New survey shows that South Dakota's Black Elk Peak is 11 feet shorter than previously thought.
South Dakota’s tallest moutain, Black Elk Peak, may have been taken down a notch.
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The peak is officially listed as 7,242 feet tall but it turns out to be 7,231 feet high after the latest efforts from private surveyors. That’s 11 feet lower than previous estimates, but still high enough to be the tallest mountain in the state.
Jerry Penry, a professional surveyor from Nebraska, decided to take new measurements of Black Elk Peak, formally known as Harney Peak after learning that the peak's current estimations are based on late 1890's survey.
“We’re living in an era of precise measurements and to have something out there that still relies upon something of an imprecise nature, it’s almost a disservice to the way we say that we can measure things.” Penry told the Rapid City Journal.
Penry alongside six team members set out to measure the peak in September and found a big surprise.
New survey showed that the highest point on the peak is 7,231 feet above sea level, which contradicts the previous estimates mentioned on the bronze plague at the summit.
Currently, the publications and websites of government agencies are also providing conflicting information. The datasheets of the National Geodetic Survey, which seem to be the most reliable official source, say Black Elk Peak stands at 7,244 feet. U.S. Geological Survey’s National Map says that the peak’s elevation is 7,191 feet while another source Geographic Names Information System says that the peak is 7, 211 feet tall.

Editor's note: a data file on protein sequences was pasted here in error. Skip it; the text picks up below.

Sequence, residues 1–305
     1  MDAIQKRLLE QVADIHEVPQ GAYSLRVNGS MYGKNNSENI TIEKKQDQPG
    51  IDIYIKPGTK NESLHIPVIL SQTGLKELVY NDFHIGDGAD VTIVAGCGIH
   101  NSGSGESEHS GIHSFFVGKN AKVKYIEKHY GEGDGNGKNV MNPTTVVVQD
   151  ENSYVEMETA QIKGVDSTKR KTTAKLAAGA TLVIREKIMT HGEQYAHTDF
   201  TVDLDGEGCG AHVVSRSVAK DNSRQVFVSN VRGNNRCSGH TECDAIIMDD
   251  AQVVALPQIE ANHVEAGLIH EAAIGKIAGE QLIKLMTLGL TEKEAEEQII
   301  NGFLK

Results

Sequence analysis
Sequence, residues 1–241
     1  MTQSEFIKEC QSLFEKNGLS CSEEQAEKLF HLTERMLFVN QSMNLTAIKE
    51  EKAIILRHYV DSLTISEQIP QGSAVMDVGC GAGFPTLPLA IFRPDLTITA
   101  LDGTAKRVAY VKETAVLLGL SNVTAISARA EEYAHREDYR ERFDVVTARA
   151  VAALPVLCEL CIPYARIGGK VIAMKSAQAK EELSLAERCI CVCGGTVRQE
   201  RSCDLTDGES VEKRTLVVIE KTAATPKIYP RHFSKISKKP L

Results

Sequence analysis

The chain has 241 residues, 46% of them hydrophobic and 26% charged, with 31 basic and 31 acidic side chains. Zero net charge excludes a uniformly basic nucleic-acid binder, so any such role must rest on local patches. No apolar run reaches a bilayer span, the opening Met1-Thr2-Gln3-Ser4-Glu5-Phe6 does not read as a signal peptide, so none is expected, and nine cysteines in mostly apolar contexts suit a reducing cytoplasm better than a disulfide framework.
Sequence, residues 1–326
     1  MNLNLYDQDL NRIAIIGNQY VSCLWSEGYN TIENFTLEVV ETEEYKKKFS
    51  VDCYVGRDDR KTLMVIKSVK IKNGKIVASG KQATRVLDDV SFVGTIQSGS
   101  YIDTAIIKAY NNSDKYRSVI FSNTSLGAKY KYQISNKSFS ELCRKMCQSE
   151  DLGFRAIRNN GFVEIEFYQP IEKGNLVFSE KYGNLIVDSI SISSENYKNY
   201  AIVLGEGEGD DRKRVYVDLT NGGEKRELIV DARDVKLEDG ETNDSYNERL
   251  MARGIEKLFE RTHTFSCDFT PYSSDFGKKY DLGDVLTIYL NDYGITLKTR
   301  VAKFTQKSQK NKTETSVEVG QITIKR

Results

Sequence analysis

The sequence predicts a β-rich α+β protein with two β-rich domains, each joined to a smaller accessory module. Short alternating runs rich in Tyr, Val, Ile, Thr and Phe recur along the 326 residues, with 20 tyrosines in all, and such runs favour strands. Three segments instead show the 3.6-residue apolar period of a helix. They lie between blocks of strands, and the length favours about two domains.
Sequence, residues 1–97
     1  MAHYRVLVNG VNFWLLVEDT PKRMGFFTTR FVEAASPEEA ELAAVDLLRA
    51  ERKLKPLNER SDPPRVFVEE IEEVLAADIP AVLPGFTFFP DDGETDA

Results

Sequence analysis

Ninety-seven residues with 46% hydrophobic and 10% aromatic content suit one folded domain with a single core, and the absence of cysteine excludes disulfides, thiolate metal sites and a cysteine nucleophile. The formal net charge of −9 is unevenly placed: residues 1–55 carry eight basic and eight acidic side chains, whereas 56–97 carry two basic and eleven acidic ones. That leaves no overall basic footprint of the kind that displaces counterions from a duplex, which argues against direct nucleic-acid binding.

New effort involves a trove of modern technology like tripods and GPS instruments as well as analysis by computers at National Geodetic Survey and Penry believes that this is the best-ever measurements of the elevation of Black Elk Peak to date but he has not put forward a formal request for changes in publications and official websites. Penry says he had undertaken the project only to satisfy his curiosity.
“It’s chasing the truth, if you will and you may never actually get there,” said David Doyle, former chief geodetic surveyor of National Geodetic Survey who endorses the work of Penry and his colleagues.
“But you are always in a quest to make it the best it can possibly be.”